One savanna, many shapes: how bush control affects the woody layer in the southern Kalahari
Van Rooyen, S.E.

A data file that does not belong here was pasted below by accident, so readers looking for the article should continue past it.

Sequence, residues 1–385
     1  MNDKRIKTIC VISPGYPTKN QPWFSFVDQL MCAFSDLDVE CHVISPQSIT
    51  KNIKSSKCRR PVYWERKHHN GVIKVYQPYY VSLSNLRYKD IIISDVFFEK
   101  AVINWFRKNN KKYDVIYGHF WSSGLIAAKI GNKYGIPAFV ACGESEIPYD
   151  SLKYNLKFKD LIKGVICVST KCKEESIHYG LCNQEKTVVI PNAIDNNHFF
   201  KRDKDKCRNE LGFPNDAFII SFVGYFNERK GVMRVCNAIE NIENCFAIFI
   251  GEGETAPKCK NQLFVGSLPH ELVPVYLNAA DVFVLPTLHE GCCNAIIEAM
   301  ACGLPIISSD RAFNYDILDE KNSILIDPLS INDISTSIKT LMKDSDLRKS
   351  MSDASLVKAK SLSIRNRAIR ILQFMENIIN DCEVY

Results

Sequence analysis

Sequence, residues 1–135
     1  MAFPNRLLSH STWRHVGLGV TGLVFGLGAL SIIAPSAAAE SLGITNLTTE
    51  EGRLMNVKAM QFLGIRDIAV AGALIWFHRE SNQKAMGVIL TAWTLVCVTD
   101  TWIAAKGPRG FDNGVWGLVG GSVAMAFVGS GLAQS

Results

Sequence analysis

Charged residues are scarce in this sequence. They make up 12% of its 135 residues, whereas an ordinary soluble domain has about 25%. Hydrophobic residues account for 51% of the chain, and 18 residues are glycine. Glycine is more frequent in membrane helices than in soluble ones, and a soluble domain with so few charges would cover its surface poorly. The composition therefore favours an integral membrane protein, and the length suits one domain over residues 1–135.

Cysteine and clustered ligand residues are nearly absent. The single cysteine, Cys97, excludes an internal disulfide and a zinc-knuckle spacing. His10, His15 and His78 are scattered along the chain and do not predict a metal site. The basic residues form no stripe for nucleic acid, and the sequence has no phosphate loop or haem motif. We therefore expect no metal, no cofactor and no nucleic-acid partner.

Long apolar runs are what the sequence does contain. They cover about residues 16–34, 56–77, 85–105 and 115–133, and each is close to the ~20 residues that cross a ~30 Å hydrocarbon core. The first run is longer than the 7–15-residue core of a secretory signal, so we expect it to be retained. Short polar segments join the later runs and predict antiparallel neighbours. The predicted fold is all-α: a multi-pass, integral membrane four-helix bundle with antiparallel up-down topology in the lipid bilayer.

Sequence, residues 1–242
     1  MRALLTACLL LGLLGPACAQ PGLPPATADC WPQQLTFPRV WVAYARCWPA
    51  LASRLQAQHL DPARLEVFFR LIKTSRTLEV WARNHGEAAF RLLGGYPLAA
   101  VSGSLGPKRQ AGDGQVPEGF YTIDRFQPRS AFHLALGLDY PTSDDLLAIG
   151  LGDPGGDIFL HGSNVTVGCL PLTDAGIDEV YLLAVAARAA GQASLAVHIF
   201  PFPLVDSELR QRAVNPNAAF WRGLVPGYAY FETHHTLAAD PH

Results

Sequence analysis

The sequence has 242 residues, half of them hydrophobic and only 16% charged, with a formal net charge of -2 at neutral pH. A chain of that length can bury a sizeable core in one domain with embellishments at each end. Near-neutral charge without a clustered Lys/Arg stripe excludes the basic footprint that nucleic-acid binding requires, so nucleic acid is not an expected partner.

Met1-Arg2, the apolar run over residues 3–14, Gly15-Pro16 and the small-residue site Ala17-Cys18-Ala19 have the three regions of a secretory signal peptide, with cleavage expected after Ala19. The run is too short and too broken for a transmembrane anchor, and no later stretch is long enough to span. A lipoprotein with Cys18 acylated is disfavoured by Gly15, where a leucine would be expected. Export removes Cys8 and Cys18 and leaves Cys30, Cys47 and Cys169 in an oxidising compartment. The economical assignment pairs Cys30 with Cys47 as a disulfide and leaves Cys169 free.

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Bush thickening (shrub encroachment) is a major ecological and economic threat in southern African savannas. Different types and intensities of bush control (BC) are applied to counteract and mitigate bush thickening. However, woody vegetation response to BC and possible ecological side effects can be manifold. Land users therefore require solid knowledge about the associated structural and compositional changes, helping to apply an informed BC strategy that preserves multiple ecosystem services and functions. The present study addresses this need in a South African thornbush-type savanna. We sampled 41 rangeland sites with a known history of BC in comparison to benchmark conditions. The BC treatments included a selective and non-selective arboricide application and a selective stem burning. We identified each woody species in belt transects and measured the size and canopy of all individuals. The data were used to calculate measures of diversity, cover and density and to describe the population structure of key species. Marked differences in woody species composition and abundance patterns as well as significant alterations of the horizontal and vertical woody vegetation structure clearly reflected the intensity and level of selectivity with which BC had been conducted. While population trends displayed regeneration of key species, important structural elements (large mature trees) were often at risk of being lost from the savanna ecosystem. Results suggest varying degrees of ecosystem functional integrity following the BC treatments. It is concluded that selective BC treatments should be preferred as they allow to create open and well-structured savannas in benefit of the stability and biodiversity of the system. Yet, for improved predictions further research is needed into species-specific population dynamics and trait-related plant–plant interactions. In addition, there is still uncertainty about possible long-term ecological effects associated with the use of arboricides in this type of savanna, which should receive special attention in future research